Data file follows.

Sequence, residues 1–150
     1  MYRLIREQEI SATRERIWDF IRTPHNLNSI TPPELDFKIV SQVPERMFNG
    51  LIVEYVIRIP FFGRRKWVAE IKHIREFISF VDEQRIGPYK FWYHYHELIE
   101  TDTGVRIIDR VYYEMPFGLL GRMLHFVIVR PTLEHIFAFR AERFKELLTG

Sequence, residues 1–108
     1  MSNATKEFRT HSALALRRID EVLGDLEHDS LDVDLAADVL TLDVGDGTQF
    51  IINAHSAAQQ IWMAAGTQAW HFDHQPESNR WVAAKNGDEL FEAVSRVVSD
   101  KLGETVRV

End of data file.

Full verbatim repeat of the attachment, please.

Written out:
Sequence, residues 1–150
     1  MYRLIREQEI SATRERIWDF IRTPHNLNSI TPPELDFKIV SQVPERMFNG
    51  LIVEYVIRIP FFGRRKWVAE IKHIREFISF VDEQRIGPYK FWYHYHELIE
   101  TDTGVRIIDR VYYEMPFGLL GRMLHFVIVR PTLEHIFAFR AERFKELLTG

Sequence, residues 1–108
     1  MSNATKEFRT HSALALRRID EVLGDLEHDS LDVDLAADVL TLDVGDGTQF
    51  IINAHSAAQQ IWMAAGTQAW HFDHQPESNR WVAAKNGDEL FEAVSRVVSD
   101  KLGETVRV